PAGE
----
Does a Lamp Need a Metal Halide Ballast?

Does a Lamp Need a Metal Halide Ballast?

To answer the question posed by the title of this article, we’ll need to introduce some more information about metal halide lamps in general and then about ballasts. The short answer is: if the lamp in question is a metal halide lamp, then yes, it needs a metal halide ballast, but let’s see if we can shed some light on the reason why.

A metal halide lamp, or an MH lamp, is a type of high-intensity discharge, or HID lamp. They are very popular for lighting up large outdoor spaces and because of their high-quality output of very bright white light. They are also relatively energy-efficient and last a decently long time, although they can produce a fair amount of heat.

To keep things relatively simple, suffice it to say that metal halide lamps produce light via a different method than incandescent lamps. Whereas incandescent lamps have a filament that creates electroluminescence when current passes along it, metal halide lamps contain a fused tube that itself contains a gas as well as mercury and metal salts, known as metal halides. When current passes through the gas in the tube, it heats up and thus turns the mercury into mercury vapor and ionizes the metal halides, which glow. Different versions of these lamps produce different color temperatures, but they are largely appreciated for their quality, bright output.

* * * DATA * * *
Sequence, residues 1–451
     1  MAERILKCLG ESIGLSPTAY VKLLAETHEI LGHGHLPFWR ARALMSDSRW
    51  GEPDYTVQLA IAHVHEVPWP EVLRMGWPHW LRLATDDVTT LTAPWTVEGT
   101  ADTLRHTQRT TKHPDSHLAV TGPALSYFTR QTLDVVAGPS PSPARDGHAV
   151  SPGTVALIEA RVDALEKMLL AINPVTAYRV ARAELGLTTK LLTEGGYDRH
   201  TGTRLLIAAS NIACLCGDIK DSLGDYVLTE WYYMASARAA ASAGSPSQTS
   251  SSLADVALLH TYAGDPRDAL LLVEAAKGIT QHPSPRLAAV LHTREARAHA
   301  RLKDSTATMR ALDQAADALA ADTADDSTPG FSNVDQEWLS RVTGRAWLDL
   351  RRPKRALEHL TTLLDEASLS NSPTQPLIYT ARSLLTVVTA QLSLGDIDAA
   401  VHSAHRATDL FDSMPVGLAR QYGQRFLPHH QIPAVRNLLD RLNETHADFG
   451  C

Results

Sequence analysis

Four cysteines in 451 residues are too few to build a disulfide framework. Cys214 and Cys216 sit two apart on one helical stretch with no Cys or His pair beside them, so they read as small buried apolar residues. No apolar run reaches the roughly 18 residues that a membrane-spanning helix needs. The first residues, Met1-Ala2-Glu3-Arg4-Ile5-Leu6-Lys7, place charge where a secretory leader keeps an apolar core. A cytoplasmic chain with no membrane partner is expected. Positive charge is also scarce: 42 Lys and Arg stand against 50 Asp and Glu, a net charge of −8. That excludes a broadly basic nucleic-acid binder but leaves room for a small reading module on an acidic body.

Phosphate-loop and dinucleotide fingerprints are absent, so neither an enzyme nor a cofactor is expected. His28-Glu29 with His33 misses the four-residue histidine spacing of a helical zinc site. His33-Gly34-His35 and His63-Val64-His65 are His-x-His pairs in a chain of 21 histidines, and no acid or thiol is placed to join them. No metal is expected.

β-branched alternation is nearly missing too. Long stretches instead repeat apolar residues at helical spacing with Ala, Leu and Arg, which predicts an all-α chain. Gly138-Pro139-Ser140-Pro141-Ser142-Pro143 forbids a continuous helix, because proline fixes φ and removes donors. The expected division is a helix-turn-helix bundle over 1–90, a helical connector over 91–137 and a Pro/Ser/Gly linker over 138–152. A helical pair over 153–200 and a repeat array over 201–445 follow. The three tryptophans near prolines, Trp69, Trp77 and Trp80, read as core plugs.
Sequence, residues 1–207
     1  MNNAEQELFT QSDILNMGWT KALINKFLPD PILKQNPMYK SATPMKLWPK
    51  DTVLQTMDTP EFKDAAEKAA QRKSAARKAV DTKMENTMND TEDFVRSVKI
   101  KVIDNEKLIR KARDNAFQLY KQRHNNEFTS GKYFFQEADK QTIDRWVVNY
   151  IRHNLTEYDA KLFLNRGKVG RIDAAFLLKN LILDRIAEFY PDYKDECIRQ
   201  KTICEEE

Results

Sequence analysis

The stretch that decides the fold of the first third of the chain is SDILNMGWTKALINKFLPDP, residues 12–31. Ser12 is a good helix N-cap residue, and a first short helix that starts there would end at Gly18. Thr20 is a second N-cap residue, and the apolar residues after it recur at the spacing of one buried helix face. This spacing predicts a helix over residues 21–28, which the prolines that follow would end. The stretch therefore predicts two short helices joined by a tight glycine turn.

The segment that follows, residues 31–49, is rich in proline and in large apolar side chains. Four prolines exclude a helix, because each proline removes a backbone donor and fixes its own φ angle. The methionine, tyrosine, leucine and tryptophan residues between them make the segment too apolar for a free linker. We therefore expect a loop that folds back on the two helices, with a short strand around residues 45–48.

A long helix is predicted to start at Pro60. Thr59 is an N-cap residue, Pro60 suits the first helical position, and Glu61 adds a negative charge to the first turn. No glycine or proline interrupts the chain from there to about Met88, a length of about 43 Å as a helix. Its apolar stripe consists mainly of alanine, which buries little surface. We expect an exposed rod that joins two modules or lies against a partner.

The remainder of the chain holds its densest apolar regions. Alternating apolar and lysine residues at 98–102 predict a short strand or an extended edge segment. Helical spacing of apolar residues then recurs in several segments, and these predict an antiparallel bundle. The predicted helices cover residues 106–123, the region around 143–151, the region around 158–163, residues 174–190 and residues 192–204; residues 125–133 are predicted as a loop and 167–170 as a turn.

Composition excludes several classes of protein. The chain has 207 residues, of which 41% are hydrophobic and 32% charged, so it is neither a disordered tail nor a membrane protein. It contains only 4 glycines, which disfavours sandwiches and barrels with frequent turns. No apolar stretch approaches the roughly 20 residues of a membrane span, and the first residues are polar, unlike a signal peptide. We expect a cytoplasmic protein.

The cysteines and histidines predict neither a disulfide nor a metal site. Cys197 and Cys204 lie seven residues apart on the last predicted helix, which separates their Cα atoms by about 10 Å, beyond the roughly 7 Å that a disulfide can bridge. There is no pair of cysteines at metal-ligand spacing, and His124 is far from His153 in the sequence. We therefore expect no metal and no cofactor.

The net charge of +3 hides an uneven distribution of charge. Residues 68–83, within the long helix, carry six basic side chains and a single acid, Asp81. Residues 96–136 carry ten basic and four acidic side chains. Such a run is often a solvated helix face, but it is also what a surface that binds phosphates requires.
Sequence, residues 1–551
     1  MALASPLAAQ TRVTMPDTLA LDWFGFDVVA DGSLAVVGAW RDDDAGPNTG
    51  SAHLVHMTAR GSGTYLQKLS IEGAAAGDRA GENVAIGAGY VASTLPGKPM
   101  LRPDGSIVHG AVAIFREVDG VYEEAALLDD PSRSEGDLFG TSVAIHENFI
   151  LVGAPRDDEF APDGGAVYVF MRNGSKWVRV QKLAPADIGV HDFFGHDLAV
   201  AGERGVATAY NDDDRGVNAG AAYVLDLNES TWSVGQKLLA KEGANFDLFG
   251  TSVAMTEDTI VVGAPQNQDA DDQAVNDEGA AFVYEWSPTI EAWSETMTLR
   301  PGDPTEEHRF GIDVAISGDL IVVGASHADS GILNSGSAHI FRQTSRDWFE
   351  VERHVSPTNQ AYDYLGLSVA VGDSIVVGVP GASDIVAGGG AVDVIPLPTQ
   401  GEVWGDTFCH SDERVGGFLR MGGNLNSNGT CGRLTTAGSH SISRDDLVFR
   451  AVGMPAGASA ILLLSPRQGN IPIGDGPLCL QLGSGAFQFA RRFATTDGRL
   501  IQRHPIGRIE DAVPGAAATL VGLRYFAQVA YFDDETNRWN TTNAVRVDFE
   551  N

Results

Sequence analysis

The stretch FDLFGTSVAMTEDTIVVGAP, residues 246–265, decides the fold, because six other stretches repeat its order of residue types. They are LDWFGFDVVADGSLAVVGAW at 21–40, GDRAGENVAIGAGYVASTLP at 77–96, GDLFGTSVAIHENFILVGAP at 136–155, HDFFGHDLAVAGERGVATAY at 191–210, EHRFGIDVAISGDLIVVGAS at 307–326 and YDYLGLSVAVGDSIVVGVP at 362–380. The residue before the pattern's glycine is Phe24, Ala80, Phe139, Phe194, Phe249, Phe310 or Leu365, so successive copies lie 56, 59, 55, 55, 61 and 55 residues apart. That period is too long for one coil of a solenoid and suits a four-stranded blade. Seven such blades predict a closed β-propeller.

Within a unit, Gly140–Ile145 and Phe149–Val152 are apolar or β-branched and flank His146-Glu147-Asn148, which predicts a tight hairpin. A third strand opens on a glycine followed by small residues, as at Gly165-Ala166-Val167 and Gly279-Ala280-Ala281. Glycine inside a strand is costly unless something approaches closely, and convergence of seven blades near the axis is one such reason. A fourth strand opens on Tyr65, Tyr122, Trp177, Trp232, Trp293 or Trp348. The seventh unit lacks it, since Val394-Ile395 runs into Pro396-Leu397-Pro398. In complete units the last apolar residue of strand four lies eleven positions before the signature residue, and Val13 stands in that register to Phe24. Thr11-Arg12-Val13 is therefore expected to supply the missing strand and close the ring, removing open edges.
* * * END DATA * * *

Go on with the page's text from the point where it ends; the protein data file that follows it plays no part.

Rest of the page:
That is the basic operation by which a metal halide lamp operates. A ballast, in general, is a structure that helps to regulate the current and sometimes the voltage to a lamp in order to ensure that the lamp operates properly and offers its stated performance. Think of it in the way that a ballast works with a ship. A ship may float with a ballast, but it will be nowhere near as stable or seaworthy as it is under ballast. In the same way, a light that requires a ballast might burn too dimly, too brightly, may flicker, or may even burn out without a ballast. In short, they are required.

It is also important to remember that metal halide lamps are not the only lights that need ballasts. Fluorescent lamps and HID bulbs also need ballasts in order to operate efficiently and properly, and even LED lights need a component known as a driver in order to operate properly.

A metal halide lamp, then, needs a metal halide ballast in order to operate properly. A metal halide ballast first enables the lamp to function by providing the start voltage, which is a higher amount of energy in order to heat up the gases in the tube and vaporize the mercury and metal salts. After the lamp begins to glow, an MH ballast provides supply voltage, which is exactly the amount of potential and current required for the lamp to operate at its specific brightness, to prevent it from getting too hot or from burning out prematurely.

Now that you have a cursory insight into how a metal halide lamp works, as well as how an MH ballast does, all that’s left is to find them. If you are looking for MH ballasts or MH lamps, you can find them at Atlanta Light Bulbs. In fact, you can find a multitude of lamps, ballasts, and other lighting fixtures and accessories on their website, including but not limited to high-pressure sodium and low-pressure sodium lamps, electronic metal halide ballasts and other HID ballasts and ballast kits. Plus, if you aren’t sure of a lamp’s ANSI code, you can always give their team a call at 1-888-988-2852 to learn more about the specific types of lamps and what they need. Check out their website,, or give them a call at the number listed above to learn more.

For more information about Electronic Ballast and T8 Socket Please visit : Atlanta Light Bulbs.

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